Time for frank discussion

Tuesday, 28 January 2014 00:01 -     - {{hitsCtrl.values.hits}}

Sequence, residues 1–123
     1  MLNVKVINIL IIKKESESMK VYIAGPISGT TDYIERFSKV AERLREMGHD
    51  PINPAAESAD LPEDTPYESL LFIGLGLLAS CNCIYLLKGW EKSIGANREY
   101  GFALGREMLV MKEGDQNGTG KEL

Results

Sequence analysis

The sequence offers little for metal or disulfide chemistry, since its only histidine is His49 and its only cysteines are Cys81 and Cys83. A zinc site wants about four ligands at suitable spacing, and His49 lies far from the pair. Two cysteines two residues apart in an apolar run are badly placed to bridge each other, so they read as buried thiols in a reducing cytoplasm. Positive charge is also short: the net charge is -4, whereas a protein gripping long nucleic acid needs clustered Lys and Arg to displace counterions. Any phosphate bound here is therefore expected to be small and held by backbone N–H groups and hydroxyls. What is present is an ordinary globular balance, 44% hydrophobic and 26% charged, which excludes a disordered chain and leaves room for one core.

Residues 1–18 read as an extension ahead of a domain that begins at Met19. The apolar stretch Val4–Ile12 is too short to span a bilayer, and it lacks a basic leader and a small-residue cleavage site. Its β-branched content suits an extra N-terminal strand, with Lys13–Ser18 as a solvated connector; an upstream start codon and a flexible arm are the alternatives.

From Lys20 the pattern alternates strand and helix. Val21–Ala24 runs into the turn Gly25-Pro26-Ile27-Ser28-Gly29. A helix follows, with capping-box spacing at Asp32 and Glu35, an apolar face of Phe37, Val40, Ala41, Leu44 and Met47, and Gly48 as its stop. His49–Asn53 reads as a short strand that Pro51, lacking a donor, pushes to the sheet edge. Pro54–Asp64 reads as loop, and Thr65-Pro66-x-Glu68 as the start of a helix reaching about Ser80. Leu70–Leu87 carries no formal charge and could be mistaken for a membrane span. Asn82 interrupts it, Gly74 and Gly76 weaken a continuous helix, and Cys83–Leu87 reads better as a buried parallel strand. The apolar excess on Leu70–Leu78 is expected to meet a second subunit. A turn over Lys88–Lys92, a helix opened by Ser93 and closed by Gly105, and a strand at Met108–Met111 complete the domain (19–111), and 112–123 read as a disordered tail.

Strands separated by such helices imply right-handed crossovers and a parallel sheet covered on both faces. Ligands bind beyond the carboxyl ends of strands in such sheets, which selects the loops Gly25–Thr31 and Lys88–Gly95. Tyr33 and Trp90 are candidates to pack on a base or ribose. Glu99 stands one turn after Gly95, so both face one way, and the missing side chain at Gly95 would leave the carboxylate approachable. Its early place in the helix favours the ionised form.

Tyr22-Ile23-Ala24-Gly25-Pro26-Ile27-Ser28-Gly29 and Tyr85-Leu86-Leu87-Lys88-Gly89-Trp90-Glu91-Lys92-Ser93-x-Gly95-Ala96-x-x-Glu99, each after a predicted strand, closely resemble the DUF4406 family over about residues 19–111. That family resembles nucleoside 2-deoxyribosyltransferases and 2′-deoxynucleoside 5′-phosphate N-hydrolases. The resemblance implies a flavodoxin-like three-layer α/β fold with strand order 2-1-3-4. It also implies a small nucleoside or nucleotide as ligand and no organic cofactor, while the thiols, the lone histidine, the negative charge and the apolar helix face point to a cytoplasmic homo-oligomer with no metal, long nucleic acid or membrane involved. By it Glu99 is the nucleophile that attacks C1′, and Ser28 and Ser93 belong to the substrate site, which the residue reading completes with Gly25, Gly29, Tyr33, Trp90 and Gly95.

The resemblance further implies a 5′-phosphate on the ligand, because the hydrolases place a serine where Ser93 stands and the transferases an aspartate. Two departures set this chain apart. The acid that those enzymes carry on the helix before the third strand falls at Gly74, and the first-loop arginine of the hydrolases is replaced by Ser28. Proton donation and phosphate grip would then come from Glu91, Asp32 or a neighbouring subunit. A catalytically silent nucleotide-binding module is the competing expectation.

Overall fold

A decision of a lower Court to dismiss the impact of a massive smear campaign regarding the private life of an opposition MP in hearing evidence about a case of petty theft must be hailed, especially in an age when the Sri Lankan judiciary faces a serious crisis of independence and competence. Panadura Magistrate, Ruchira Weliwatta declared yesterday that his Court will not be guided on media reports pertaining to the private life of UNP MP Mangala Samaraweera when the case regarding a break in at his residence in Bolgoda was taken up yesterday. Aided and abetted by vested interests, the suspect who confessed to police of having stolen a laptop and several bottles of whiskey from the Opposition Parliamentarian’s residence, has assisted state media and other institutions to carry out a massive campaign against Samaraweera, in a thinly veiled bid to have him charged under Section 365A of the Penal Code, an archaic law that criminalises homosexuality. Magistrate Weliwatte told lawyers that his Court would only be guided by the Police B Report and the hearing would only be concerned with the theft originally reported to the police. Given the media glare the petty incident has elicited, it became obvious that powerful elements were carrying out a smear campaign against Samaraweera and using the incident to attempt to decapitate the vociferous Opposition MP politically. Speculation was rampant that the MP could be arrested under the relevant section of the Penal Code. The only bright side of this otherwise unpleasant drama is that it has at last paved the way for a discussion on whether Sri Lankan society needs to address certain laws that do not reflect the values or reality of the present age. These Victorian values and codes of morality, the residue of colonial reign that Sri Lanka eschews with regard to all other areas, lives on. Misguidedly, the laws are permitted to remain in the books, as being necessary to preserve culture and tradition. Alien as they may have been to Sri Lankans in the beginning, where civilisation had been nurtured by the liberal and inclusive philosophy of Buddhism for centuries these Victorian values have now been so internalised that many believe these to actually reflect the true culture of this country. Laws such as those enshrined in Section 365A of the Penal Code are in fact colonial leftovers that do not find resonance in a pluralistic democratic society. The time may have come therefore, for Sri Lankan society to have a frank and mature discussion about these archaic laws forced on this country by a colonial regime several hundred years ago. It may be a time for introspection and a return to the true ethos of our rich civilisation which valued diversity and inclusivity for all those who called this land home. Such soul searching should not occur because it may be the fashionable thing or in an attempt to mimic the West. It should come about because it would mean a journey of rediscovery into the actual heart of our own civilisation, one that is based on a doctrine and philosophy of tolerance, compassion, peace and inclusiveness.